81x11: Applicability of 18 U.S.C. § 207(c) to Employees with Supervisory Authority

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Office of Government Ethics
81 x 11

Letter to a Designated Agency Ethics
Official dated March 18, 1981
 

This is in response to your letter of March 2, 1981. In connection with the question of whether the disqualification of 18 U.S.C. § 207(c) applies to a former General Counsel of your Department with respect to [a major statutory agency within the Department], you raise the broad issue of the proper interpretation of the word "supervision" as used in 18 U.S.C. § 207(e) and 5 C.F.R. § 737.13(c)(3). While we have no desire to expansively construe a criminal statute, we are also mindful that a convoluted interpretation of these provisions is not permitted.1 

In creating a limitation to the application of section 207(c) for those in distinct and separate segments of a Department, the Congress wished to avoid unfairness to those who actually had work which was separable. However, the principal objective -- to address the problem of unfair or undue influence -- was retained.2 Influence is not coextensive with formal line authority, but is rather an intangible personal factor built upon contacts both at the level of those upon whom it would potentially be brought to bear and at higher levels in the organizational hierarchy.3 

Under the statute and our regulations, the key to a determination pursuant to section 207(e) of whether section 207(c) is applicable to bar post-employment activity of a former Senior Employee of the parent agency is whether his or her responsibilities included supervision of the subordinate agency.4 In view of the concerns expressed in the preceding paragraph, the use of the "supervision" limitation in subsection (e) is appropriate. Webster's dictionary gives the ordinary usage of the term "supervision" to mean a critical watching and directing. This is certainly consistent with both the common notion of the General Counsel's function, his legal authority, and the nature of supervision as discerned by managerial organization specialists.5 These organizational analysts demonstrate that the supervisory function is participatory with the efforts of several higher-ranking authorities bearing on activities below. Even though the General Counsel might not exercise detailed control over activity within the [major agency] his authority is clear and his influence is pervasive.6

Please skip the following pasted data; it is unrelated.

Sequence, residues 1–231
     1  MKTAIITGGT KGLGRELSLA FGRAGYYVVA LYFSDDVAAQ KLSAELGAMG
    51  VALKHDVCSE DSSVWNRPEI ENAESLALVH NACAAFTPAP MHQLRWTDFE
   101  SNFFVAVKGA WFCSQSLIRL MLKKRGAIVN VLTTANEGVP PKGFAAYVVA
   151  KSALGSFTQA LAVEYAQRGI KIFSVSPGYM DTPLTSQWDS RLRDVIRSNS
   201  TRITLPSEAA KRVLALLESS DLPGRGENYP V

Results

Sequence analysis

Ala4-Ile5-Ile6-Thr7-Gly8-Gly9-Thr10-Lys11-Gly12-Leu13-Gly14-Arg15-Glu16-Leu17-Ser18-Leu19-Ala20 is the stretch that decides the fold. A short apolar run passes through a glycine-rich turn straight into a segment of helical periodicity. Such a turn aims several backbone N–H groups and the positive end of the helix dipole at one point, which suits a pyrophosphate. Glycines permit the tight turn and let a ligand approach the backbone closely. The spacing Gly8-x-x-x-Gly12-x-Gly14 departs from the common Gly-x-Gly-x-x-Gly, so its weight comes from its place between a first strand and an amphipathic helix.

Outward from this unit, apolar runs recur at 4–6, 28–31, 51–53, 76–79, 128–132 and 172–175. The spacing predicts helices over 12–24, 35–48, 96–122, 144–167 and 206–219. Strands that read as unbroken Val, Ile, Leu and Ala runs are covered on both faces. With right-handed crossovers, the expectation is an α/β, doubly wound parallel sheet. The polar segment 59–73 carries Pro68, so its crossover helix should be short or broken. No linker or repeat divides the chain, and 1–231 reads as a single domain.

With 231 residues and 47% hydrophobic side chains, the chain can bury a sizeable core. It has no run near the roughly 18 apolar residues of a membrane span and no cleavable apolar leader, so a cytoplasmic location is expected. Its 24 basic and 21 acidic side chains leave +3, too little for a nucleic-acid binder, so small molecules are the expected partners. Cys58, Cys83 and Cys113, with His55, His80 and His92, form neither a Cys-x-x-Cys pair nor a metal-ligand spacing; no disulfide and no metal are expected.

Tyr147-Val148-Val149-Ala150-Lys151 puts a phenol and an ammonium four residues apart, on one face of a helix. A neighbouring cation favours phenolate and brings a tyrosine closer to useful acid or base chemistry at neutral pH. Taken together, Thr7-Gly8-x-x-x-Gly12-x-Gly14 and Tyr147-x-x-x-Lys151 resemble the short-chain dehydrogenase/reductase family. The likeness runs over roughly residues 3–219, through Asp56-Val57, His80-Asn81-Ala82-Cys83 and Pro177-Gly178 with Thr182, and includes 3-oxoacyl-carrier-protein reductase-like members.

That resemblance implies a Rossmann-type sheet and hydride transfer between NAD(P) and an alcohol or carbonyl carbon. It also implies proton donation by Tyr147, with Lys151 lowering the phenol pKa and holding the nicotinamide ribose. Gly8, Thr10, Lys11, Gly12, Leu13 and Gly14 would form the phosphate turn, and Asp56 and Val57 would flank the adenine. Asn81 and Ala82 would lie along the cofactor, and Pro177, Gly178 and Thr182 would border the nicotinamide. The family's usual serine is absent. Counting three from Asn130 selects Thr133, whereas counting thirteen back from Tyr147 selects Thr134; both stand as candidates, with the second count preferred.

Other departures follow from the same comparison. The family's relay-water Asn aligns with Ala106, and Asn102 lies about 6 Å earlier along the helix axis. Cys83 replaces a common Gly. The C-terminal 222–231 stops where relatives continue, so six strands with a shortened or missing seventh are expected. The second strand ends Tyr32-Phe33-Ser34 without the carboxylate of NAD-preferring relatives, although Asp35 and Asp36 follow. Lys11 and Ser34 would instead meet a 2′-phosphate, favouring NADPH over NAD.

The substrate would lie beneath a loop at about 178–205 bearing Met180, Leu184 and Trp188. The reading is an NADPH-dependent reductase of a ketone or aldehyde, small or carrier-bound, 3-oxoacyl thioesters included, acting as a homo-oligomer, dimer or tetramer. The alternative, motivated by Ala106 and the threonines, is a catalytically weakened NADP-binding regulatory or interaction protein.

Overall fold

Accordingly, we determine that the official responsibilities of the General Counsel of [your] Department include supervision of the [this major agency] within the meaning of 18 U.S.C. § 207(e) and 5 C.F.R. § 737.13(c)(3) and that, therefore, the disqualification of 18 U.S.C. § 207(c) is applicable with respect to that agency.

Sincerely,

J. Jackson Walter
Director

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1. Cf. United States v. Louis Irons, No. 80-1478, slip op. (7th Cir. 1981).

2. S. Rep. No. 170, 95th Cong., 1st Sess. 154 (1977).

3. See Center for Applied Ethics of the New York Society for Ethical Culture, The Revolving Door 9-13 (1977).

4. See 5 C.F.R. § 737.13(c)(3).

5. See Peter F. Drucker, Management: Tasks, Responsibilities, Practices, especially 390 et seq. and 450 (1973).

6. Input into the Department's policymaking is usually an important indication of influence which in turn is a critical element of "supervision" under 18 U.S.C. § 207(e). See 124 Cong. Rec. H 10183 (daily ed. Sept. 20, 1978) (remarks of Rep. Danielson). While you have told us that the [major agency] does not have to clear its regulations with the [Department's] General Counsel, you have also advised us that the [Department's] General Counsel does provide "legal counsel" on issues [handled by the agency] to the Secretary of [the Department] who, of course, does have direct supervisory authority over the [major agency].